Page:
But he was also very useful. He took the experiences he had with dialysis to become a dialysis technician and more importantly, he would counsel and console kidney patients who were going through what he had gone through. He met a woman he loved and got married. He had two daughters. He was very happy. Though we both lived in Massachusetts, we were basically on different ends, me in the north, he in the south. We didn’t see each for long stretches, though we communicated by phone and email on a semi-regular basis.

At some point, there were issues with the second kidney surgery, and his pancreas was damaged. He had to have a gaping hole in his back for a long time. I visited him in the Intensive Care Unit. I was going to see David Crosby in concert and he asked for a shirt. When I went back to the hospital to give it to him, his room was empty. I was chilled, but it turned out that he was transferred to a regular room. I went there and he was sleeping. I left the shirt on his bed.

In 1997 or 1998, he had a stroke. He was only in his mid-30s. The next time I saw him, I didn’t recognize him. He had lost a lot of weight, had not much of an expression on his face, and moved slowly. It was at the shiva of a friend’s mother. I helped him get some food, and we talked about what was going on. He had been through so much, but he was optimistic. He loved his life. He loved his family. He had a lot of joy and a lot to live for.

The last email I have from him was sent to me on January 1, 2001. Typically optimistic, it reads:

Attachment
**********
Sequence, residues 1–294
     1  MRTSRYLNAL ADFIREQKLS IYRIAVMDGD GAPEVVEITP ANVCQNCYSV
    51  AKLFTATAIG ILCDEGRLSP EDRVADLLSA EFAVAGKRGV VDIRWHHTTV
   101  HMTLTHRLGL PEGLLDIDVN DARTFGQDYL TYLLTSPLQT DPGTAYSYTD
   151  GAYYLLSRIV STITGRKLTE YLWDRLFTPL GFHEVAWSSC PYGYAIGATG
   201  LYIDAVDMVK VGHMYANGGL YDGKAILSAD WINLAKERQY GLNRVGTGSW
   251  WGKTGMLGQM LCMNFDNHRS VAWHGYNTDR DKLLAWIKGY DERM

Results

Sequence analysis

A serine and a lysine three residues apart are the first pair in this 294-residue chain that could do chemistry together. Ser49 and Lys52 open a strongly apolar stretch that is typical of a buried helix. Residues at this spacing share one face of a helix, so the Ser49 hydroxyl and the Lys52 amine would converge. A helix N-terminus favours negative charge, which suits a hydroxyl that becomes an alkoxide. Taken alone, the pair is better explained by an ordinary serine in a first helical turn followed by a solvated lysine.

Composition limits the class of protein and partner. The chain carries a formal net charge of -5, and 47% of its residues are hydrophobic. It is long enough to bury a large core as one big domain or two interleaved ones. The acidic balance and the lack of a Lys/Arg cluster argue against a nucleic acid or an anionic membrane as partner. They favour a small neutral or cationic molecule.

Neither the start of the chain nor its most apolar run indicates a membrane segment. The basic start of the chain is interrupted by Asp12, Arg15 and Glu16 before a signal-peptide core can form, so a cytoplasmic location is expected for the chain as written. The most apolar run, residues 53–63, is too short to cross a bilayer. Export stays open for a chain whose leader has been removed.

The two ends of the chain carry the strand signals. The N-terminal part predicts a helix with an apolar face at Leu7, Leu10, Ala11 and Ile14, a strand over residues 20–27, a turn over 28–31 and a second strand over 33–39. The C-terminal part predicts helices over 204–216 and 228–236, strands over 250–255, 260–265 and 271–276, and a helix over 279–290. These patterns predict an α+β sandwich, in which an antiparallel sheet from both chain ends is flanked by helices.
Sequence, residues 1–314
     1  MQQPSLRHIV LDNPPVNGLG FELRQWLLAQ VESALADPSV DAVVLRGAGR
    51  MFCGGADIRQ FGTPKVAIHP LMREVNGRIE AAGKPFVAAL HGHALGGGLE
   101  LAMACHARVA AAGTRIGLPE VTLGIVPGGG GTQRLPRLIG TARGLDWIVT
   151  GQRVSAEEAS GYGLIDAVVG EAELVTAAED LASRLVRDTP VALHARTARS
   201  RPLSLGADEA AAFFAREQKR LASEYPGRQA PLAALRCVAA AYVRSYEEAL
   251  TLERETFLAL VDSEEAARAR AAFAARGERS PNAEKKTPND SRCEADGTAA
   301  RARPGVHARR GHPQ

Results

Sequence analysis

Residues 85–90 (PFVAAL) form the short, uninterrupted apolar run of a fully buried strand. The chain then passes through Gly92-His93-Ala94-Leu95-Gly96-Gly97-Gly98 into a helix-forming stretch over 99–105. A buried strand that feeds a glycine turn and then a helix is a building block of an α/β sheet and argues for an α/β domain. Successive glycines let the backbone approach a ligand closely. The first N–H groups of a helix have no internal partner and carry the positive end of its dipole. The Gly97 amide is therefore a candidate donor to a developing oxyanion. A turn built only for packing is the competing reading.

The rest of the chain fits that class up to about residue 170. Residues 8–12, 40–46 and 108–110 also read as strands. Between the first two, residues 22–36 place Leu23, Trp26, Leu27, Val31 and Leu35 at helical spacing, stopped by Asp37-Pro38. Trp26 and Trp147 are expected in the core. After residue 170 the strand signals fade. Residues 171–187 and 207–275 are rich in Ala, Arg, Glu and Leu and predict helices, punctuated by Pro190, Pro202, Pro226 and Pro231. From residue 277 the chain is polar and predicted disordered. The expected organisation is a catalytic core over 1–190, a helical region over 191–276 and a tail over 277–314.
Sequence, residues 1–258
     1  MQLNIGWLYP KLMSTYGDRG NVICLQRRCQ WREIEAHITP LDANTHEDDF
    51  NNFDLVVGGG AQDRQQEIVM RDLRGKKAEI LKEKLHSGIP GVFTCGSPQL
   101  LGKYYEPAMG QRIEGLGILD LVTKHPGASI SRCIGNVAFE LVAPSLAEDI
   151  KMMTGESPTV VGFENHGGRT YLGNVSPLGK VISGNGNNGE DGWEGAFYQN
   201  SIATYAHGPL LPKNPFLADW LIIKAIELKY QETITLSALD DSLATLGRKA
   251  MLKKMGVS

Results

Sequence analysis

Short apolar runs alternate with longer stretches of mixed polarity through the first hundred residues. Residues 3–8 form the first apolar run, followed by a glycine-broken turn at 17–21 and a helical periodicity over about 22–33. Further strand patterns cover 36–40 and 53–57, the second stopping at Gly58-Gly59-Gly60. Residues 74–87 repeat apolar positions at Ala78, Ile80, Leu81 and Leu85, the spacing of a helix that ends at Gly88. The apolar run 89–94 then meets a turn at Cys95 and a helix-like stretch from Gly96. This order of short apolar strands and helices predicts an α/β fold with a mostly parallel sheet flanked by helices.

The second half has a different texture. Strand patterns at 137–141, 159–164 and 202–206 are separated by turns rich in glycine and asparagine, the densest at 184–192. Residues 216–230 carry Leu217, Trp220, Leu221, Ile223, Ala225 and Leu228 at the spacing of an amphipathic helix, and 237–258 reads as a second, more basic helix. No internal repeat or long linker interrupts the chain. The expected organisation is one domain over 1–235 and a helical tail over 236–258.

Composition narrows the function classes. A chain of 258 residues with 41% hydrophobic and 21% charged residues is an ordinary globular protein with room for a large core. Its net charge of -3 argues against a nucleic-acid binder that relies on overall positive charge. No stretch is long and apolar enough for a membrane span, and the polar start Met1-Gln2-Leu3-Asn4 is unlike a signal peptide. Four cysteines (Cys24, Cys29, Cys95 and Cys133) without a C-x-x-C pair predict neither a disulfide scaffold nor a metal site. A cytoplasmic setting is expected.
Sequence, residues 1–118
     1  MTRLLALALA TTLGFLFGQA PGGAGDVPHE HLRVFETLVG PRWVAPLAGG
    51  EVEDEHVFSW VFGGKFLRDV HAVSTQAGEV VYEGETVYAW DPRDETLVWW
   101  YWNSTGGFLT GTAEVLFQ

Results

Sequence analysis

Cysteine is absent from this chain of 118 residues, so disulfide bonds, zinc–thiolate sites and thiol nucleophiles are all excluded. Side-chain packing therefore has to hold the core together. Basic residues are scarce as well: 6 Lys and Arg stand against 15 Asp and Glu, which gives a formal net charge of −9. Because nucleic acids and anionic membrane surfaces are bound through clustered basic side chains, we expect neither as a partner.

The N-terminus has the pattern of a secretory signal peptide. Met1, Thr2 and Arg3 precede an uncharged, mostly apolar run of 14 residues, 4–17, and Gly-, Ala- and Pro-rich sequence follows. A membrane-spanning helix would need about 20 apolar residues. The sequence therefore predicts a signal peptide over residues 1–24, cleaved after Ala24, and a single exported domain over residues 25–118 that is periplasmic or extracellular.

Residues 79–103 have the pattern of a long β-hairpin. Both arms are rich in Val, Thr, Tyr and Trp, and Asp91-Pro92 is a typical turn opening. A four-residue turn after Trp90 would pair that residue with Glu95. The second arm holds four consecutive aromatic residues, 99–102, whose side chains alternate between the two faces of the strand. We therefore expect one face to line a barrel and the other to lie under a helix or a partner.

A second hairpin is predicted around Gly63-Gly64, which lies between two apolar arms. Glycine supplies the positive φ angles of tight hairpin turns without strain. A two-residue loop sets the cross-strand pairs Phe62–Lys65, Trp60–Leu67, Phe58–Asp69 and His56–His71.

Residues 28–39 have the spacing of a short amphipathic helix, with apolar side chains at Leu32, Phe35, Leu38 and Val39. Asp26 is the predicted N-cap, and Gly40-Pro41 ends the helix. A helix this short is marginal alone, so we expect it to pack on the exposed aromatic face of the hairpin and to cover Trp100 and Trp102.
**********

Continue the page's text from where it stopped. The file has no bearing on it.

Happy new year,
Well, I made it thru every thing they did again! My right side feels a little alien but its getting better every day. I have to go 6 weeks infection free and then they'll start looking at putting a permanent access back in my body right now I have a catheter sticking out of my neck which drives me a bit crazy, but they still get to dialyze me with relative ease, and I still have a right arm so all in all things are OK I guess.
How is all by you? A nice holiday? I hope!
can't keep arm in this position for typing for to long talk to you soon!
Love to all!

Next thing I heard was that he had died. He was being prepped for open-heart surgery and went into cardiac arrest. It was August 29, 2001. He was 38 years old. He’d fulfilled his prophecy. Less than two weeks later, 9/11 happened. It seemed that everything was falling apart.

Marc’s final request was to be cremated and have his ashes spread over the golf course we used to sneak onto and party at in high school. He told his wife to contact me and have me plan it. It was sufficiently moving for me that it inspired me to write an essay and a one-act play about the experience. With his unusual request, he had managed to bring together a number of friends who had become estranged over the years.

A few years later, his wife called me and asked me to take his records. Going through them was like watching a documentary of our lives. I remembered where and when he had purchased those albums and gotten those autographs. I remember listening to them with him. I remember how much they meant to him.

Two years ago, I got a message from his oldest daughter who found a letter I had written to her mother after the funeral. I had promised her I would help with the girls. But I had one of my own and a rough marriage, and I never kept my promise. I’m now Facebook friends with both of his girls; I’ve helped them restore and retain memories of their father and they’ve helped keep his spirit alive for me. Marc always was all about connections – and second chances.

I’m thinking of you, buddy. Damn, but you would have loved Facebook. And seeing how your girls have grown. And me? I’d love to write one more song with you. One with a chorus that keeps on repeating and never fades away.